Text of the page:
LARRY WEIKEL: My last day at Diamond Glass was very sad. We’re taking – you know, starting clearing some of the machinery out and stuff like that. And I’d just look around and figured, “Boy, 23 years I pounded this concrete. I look in here and – I won’t be able to – I won’t be in here anymore,” you know? It just seems like – it was just an emotional time for me, you know? I was pretty well upset, you know? I just – it just seemed like a nightmare, you know? ”Well, what am I going to do now?” You know, I never – I never hunted for a job. I never – you know, I was never out looking for a job before. I don’t know. It’s just going to be new. That’s what I figured.
BILL MOYERS: A once-stable company was destroyed and profits of tens of millions of dollars were made for those behind it all. How did this happen? The new economic rules were these: Take the company public, borrow a lot of money to expand by acquiring other companies, run up the price of the stock and sell it off at a nice profit. That’s exactly what happened at Diamond Glass. The company changed its name to Diamond Bathhurst, Inc., went public and borrowed big to acquire other glass plants. Wall Street loved it. The stock shot up from a low of $6 to a high of $29, as within no time at all the company became one of the largest glass container manufacturers in the United States. Sales and profits soared.
Sounds pretty good so far, but there was one problem. Within months, Diamond Bathhurst couldn’t meet the interest payments on its mountain of debt. The company closed one manufacturing plant after another to cut costs. Thousands of workers lost their jobs in New Jersey, Ohio, West Virginia and Pennsylvania. Even that wasn’t enough. Deeply in debt, Diamond Bathhurst was bought by Anchor Glass Container of Tampa, Florida.
Larry Weikel remembers how things changed.
LARRY WEIKEL: Different companies would buy us out or whatever. You know, we’d change companies. They’d always get people in from different companies and, well, they didn’t know you. They were from out in Indiana or someplace. They didn’t – they didn’t care about anything. You know, they didn’t – there was no family ties there or anything. It just seemed like there was no promotion from within any more. If they needed somebody, they got them from a different plant somewhere. And it started going downhill from when it was – when it started going that way.
Every time I’d go to work, I’d get a big knot in my stomach. I dreaded going to work. It seemed like if things didn’t go right in production or something like that, they’d punish you. They’d humiliate you. They’d make you feel like dirt, just to cover their own butts. It was terrible.
BILL MOYERS: Jobs’ were eliminated and the remaining employees were pressured to increase output, but there was no investment in more modern equipment or new technology. The final days of production came in August of 1990. Larry Weikel and the remaining employees were out of work.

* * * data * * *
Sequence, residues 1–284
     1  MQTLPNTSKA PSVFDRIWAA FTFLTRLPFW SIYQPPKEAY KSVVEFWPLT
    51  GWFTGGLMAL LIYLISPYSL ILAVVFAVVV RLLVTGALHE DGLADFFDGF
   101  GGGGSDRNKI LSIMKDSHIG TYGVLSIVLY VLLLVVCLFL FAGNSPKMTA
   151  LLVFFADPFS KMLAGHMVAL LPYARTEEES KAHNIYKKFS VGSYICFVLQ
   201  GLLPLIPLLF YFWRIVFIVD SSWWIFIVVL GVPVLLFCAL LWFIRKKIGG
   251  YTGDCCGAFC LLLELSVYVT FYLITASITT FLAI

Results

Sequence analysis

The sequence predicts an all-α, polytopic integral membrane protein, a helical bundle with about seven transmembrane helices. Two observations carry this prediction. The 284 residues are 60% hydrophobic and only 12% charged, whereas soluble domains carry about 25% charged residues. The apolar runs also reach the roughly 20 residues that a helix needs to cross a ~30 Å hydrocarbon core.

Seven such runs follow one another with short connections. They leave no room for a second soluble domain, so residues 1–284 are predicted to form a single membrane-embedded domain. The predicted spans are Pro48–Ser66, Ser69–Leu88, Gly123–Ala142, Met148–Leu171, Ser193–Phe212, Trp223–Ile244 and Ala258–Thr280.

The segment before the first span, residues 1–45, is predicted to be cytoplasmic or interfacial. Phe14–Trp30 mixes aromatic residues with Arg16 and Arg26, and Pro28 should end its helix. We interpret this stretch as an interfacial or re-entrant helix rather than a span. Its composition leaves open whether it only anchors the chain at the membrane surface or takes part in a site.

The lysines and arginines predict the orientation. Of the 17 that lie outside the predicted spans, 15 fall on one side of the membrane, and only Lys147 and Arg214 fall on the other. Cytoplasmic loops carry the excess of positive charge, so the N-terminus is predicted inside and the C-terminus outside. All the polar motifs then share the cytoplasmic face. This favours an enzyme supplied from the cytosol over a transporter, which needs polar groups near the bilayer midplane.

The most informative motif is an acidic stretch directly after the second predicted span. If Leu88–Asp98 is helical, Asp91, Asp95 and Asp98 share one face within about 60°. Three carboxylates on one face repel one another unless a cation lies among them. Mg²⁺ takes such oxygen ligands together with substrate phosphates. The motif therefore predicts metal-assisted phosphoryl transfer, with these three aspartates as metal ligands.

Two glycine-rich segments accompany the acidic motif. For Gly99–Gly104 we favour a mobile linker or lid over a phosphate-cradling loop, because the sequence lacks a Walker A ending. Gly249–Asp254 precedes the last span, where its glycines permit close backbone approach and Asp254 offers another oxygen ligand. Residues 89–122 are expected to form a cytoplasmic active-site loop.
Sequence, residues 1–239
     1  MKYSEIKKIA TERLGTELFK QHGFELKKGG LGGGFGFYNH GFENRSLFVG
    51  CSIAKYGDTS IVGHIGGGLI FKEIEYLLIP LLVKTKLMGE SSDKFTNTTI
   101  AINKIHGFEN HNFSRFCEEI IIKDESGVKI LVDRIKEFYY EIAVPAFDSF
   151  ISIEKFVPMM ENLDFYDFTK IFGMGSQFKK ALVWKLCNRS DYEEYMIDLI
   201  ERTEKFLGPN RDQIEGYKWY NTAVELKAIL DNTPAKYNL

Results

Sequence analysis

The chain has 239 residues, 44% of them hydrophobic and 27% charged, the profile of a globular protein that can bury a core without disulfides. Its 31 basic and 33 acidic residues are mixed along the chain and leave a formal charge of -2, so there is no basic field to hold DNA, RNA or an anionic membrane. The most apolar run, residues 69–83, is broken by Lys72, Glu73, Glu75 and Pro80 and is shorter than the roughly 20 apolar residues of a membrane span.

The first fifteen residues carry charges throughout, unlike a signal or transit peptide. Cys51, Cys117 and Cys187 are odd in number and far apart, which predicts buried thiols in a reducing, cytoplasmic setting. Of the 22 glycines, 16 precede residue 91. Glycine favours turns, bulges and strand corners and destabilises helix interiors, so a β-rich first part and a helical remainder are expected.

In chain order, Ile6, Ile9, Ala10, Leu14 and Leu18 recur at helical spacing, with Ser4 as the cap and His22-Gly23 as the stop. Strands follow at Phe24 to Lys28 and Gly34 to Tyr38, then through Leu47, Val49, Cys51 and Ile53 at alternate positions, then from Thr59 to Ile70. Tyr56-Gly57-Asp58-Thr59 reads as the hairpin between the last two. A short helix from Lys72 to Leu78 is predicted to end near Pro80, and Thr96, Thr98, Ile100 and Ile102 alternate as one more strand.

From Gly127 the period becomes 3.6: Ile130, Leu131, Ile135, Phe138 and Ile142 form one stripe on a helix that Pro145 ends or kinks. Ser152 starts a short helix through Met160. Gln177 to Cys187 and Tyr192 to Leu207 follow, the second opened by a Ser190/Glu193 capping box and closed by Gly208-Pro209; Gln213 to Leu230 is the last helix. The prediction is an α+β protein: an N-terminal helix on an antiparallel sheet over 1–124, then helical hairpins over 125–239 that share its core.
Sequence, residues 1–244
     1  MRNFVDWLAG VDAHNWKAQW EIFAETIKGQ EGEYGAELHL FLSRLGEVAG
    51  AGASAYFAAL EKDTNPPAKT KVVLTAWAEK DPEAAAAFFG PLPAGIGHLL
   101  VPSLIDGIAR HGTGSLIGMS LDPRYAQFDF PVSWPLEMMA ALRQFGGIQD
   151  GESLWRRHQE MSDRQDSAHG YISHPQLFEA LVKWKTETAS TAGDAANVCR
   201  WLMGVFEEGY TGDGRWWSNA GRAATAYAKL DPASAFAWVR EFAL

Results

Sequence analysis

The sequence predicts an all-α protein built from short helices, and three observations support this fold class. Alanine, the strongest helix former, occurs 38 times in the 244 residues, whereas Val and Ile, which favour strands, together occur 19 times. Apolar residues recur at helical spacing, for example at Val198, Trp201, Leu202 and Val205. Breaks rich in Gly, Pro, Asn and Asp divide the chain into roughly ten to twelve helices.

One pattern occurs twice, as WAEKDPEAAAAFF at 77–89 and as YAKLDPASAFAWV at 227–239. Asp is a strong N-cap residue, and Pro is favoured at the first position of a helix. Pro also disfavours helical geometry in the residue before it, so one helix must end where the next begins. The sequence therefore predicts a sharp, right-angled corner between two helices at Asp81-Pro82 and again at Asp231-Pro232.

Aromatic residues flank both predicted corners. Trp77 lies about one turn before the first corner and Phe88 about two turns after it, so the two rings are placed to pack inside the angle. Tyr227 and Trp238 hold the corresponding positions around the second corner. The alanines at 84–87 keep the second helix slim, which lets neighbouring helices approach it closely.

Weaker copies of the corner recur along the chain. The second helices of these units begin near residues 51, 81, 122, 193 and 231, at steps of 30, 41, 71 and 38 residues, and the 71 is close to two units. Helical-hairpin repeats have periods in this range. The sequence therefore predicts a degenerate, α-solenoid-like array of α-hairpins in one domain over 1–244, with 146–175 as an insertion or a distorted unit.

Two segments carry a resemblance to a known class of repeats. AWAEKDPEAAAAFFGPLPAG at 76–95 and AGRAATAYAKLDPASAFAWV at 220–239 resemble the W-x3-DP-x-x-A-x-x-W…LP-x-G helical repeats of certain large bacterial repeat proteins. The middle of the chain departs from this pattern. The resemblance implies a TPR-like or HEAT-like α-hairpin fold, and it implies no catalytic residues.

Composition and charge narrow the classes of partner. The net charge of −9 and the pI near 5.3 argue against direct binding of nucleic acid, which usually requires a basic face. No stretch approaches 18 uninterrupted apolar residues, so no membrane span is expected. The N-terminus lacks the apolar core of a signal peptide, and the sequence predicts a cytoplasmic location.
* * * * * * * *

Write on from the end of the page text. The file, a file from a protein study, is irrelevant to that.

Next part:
Larry lost his health insurance and the future of his pension is in question.
LARRY WEIKEL: They say that it’s vested, but I’m kind of leery. I don’t particularly trust them. I don’t – I’m kind of worried about waiting till I’m 55 or 60 to pick up on my pension plan. A lot will happen in that many years.
BILL MOYERS: [voice-over} Larry helps out at a marine repair shop these days. He used to earn close to $50,000 a year.
LARRY WEIKEL: Now I work about 15 hours a week. I have – I make about $7.25 an hour. Just enough, you know? I had some money saved up. I’m going to have to get a job here soon because I’m down to about nothing. I’ll get a job eventually. I’ll – you know, I’ll – I’ll get somewhere. I’ll do something. Anybody that’s got to make 100 bucks can make 100 bucks. I mean, if he got to start at one end of the block to the other end of the block and go up the street and ask somebody if they want their house painted, he can make 100 bucks. You know, I’ll do something if it gets that bad you know? I’ll really – you know, you have to.
BILL MOYERS: Don Barlett, Larry Weikel and the other Diamond Glass employees were working under the old rules, right?
DONALD BARLETT: That’s right. Those were the rules that kind of provided a sort of informal social contract. They got a job and they devoted their lives to the plants and in return they got a reasonable wage, health care and pension.
BILL MOYERS: And the new rules? Those are the old rules. What about the new rules?
DONALD BARLETT: The social contract was canceled in the 80’s and the new rules – these people were very disposable.
BILL MOYERS: Who profited from Anchor Glass in what we saw?
JAMES STEELE: Well, in this case, one of the big winners was William E. Simon.
BILL MOYERS: The former U.S. treasury secretary?
JAMES STEELE: That’s correct, who is now on – well, came on the Forbes 400 list of richest Americans in part because of using that write-off for interest deduction and corporate debt.
BILL MOYERS: Once again, we’ll pick up your trail.